Photo by David Pritchard
- Standard zoom (35mm-80mm range is fine) – wide enough to get the whole boat in but long enough to focus in on detail.
- Longer lens (80-200mm) - shoot small detail on boats further away.
- Polarising filter – reduce reflections on the water and in paintwork and deepen blue sky.
- Tripod - extra support when working on uneven surfaces such as wet sand.
Pick A Sunny Day
If you want to capture the postcard shot of colourful boats lined up, reflecting in the water while a bright blue sky frames them from behind you'll have to head out on a sunny day when there's not much of a breeze in the air so the water's still. Make sure you use a polarising filter to saturate the colours and enhance the sky.
The Tide Is Out
If you get to the harbour and find the tide is out don't think you need to head for fish and chips while the water trickles back in. Instead, photograph the boats which are now stuck in the mud and take advantage of the mooring ropes which are now fully visible, using them as lead in lines for your photograph. A small aperture is needed to ensure everything from the front of the rope to the distant boat(s) or other objects are sharp.
Don't Clutter Your Scene
Harbours are bursting with photographic potential but don't make your scene too busy. If you can, single out one boat and place it near the foreground of your shot as this will give the photo more impact and will certainly be better than a shot of several boats that are fighting for your eye's attention.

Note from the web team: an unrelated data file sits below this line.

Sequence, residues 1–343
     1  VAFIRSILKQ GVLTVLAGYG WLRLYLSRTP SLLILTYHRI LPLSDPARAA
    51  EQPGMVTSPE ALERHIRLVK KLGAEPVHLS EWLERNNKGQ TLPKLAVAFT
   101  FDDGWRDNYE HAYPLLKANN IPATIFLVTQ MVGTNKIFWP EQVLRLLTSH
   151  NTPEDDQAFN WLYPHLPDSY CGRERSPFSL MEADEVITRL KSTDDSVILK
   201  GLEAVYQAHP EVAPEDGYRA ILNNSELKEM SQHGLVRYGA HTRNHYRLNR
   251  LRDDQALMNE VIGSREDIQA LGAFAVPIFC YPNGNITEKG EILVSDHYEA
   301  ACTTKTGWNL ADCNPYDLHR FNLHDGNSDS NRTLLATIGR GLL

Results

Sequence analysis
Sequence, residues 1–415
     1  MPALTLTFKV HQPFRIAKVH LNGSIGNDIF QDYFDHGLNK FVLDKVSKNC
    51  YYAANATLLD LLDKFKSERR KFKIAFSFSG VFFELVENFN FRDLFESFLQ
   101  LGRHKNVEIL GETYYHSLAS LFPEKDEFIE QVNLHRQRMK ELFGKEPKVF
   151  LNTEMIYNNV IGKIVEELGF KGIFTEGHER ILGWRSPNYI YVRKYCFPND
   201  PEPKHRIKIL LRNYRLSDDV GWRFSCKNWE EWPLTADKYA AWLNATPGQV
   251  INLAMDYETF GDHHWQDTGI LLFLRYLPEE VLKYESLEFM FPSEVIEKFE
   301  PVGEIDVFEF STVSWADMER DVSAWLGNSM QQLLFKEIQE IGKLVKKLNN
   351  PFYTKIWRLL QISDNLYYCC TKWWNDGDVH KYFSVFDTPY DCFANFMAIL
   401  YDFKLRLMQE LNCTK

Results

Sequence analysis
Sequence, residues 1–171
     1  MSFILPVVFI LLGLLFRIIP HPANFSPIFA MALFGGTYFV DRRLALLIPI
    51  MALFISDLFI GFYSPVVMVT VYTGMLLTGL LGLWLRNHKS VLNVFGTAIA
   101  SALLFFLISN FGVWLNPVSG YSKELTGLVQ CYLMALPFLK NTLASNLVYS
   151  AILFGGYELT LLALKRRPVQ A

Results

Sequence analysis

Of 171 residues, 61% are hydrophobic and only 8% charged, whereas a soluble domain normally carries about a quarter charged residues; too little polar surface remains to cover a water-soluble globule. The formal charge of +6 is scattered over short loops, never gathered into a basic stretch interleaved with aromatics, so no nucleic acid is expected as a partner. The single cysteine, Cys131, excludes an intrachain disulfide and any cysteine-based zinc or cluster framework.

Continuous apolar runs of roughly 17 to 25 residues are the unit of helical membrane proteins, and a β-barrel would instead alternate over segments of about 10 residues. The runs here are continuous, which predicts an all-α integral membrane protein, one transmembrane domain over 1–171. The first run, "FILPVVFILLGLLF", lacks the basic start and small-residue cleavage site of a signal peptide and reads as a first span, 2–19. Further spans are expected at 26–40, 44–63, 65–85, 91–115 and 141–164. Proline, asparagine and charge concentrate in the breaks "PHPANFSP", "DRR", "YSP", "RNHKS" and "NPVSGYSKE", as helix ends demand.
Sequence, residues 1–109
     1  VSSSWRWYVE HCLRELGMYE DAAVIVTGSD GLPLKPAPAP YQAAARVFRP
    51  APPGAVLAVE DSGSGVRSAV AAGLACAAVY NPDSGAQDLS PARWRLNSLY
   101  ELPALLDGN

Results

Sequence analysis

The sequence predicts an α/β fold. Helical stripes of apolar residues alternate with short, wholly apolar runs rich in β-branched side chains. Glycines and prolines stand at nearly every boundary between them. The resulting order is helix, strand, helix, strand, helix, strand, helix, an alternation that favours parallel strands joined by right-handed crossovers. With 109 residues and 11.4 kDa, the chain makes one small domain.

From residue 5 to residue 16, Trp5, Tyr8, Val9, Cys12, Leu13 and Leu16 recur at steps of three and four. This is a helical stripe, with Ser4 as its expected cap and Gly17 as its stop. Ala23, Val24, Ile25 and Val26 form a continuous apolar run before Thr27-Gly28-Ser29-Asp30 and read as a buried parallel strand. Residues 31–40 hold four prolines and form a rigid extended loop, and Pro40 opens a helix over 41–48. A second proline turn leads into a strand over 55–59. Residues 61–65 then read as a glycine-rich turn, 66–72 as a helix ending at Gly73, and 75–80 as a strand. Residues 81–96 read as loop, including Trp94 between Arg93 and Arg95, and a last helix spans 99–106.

Away from the coast you'll still find plenty of boats on canals, rivers and in reservoirs waiting to be photographed. Canals create leading lines that will help with composition while the winding curves of a river will guide the viewer through the image to a boat making its way through the bends. If there's a bridge find a position where you can use it to frame a boat passing under it, just watch your exposure as the light under the bridge will be lower than the outside and it's easy to end up with a shot that's underexposed if the camera's meter reads from the brighter part of the scene. Switch to spot metering where possible, taking a meter reading from the side wall of the bridge and use that as the starting point.
Photo by David Pritchard
Activities On And Around The Boat
Barges found on canals are often very colourful and feature flower pots and other accessories that are worth a quick snap. Just remember to use a wide aperture to blur the background. Round the harbour you can crop in on sails, boat hulls, lifebuoys and fishing nets.
For those who like things to be a little more fast paced head for a water-sports centre where water-skiing, jet-skiing and other adrenalin-pumping activities take place.
A camera which has a fast autofocus will help you capture action shots where your subject is pin-sharp. A little blur in the background can enhance the sense of movement / speed in your shots, however. More tips on panning can be found in our '11 Panning Tips For Beginners' article.
For advice on other essential tips on photographing these fast-paced activities take a look at our previous article: Wakeboard and Waterski photography.
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